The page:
Also staying true to the Scooby-Doo fashion, Scooby must also collect all of the "Scooby Snack" treats scattered throughout the game in order to open "Snack gates" that open almost every door. Although its optional to collect all of the snacks, bonus content is unlocked if the player does so. As the game progresses the Snack Gates demand more Scooby Snacks. The voice acting is complemented by sound effects taken straight from the cartoon, including a laugh track that reacts to Scooby's onscreen actions.[3]

There are also Holiday easter eggs programmed into the game. When the game is played on certain days of the year, special decorations will appear in front of the Manor. For instance, on Christmas, it will be snowing, and on Halloween bats appear above the doors and windows. New Years, Saint Patrick's Day, Valentines Day and July 4 are other holidays that have special surprises as well.[4]

Synopsis[edit]

Setting[edit]

Recreating the classic Scooby-Doo formula, a ghost/monster is terrorizing the locals of a town with Scooby and the gang being called away to solve a mystery. An eccentric villain known as "The Mastermind" kidnaps the gang, and Scooby must venture through Graveyards, Lighthouses, and secret passages in an effort to solve the mystery and find his friends. The game is mainly set inside a large mansion known as "Mystic Manor". The manor has dozens of rooms and floors, from the secret laboratory in the basement[5] to the haunted attic. The game is set during the late hours of the night. When it is time to venture outside of the Manor, players can explore the vast Graveyard section as well as the Sea Pier section. Each section has its own settings, such as Fishing Factories[6] and Haunted Crypts.[7]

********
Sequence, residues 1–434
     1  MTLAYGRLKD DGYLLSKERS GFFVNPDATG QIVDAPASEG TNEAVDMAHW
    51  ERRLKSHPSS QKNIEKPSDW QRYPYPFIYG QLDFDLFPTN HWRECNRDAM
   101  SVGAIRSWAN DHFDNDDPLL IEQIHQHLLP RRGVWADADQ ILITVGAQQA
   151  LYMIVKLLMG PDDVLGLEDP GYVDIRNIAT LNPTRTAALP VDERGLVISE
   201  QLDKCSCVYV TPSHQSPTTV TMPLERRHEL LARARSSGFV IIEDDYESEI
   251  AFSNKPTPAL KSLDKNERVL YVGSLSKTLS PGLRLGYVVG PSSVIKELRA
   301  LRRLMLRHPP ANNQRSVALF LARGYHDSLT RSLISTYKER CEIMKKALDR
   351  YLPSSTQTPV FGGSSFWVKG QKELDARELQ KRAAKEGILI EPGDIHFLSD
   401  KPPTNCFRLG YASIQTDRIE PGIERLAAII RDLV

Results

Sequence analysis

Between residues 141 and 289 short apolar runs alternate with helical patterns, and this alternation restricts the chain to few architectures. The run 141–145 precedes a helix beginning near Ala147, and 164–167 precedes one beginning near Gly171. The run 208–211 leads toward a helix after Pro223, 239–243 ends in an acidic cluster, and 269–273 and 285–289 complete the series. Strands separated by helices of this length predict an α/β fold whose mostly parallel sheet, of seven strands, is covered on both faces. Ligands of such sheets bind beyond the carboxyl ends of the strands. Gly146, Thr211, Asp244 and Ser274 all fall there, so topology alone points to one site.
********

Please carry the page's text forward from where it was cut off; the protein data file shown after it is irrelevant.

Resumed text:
Plot[edit]

Daphne's friend Holly calls the gang to the mysterious "Mystic Manor" to solve her uncle's disappearance. He was a famous inventor who mysteriously vanished before he could reveal his new top-secret invention. Daphne, Fred and Velma agree to help but Scooby-Doo and Shaggy are reluctant. While the rest go into the mysterious Manor, Shaggy falls down a trap door in the floor, leaving Scooby alone outside. Scooby runs into the Manor and finds Holly locked in a hallway and says The Mastermind took the gang and left her there.

Scooby returns to the courtyard outside the manor, where a mysterious grounds keeper (None other than Don Knotts) gives him a shovel that enables him to dig up a key to enter the nearby fishing village. Upon exploring the village, Scooby finds the Professor's many inventions, which are scattered throughout the game.

The Mastermind, voiced by Tim Curry. That was the second time Curry voiced a villain in the Scooby Doo Universe, as he previously did voice work for Scooby-Doo and the Witch's Ghost. Curry then again voiced another villain in The Goblin King.[8]

Scooby returns to the Manor and travels through the backyard and then fights his way to the roof top, where he encounters The Mastermind for the first time. Revealing he is the one who resurrected all of his old foes, and that he also has Velma, who is locked in a cage near by. The Mastermind then brings the Black Knight Ghost back to fight Scooby and he departs. After Scooby defeats him, he saves Velma. However, after Velma reclaims her glasses, she begins to shriek as she thinks The Creeper is right behind her chasing her. A befuddled Scooby stays behind, as there was nobody chasing her.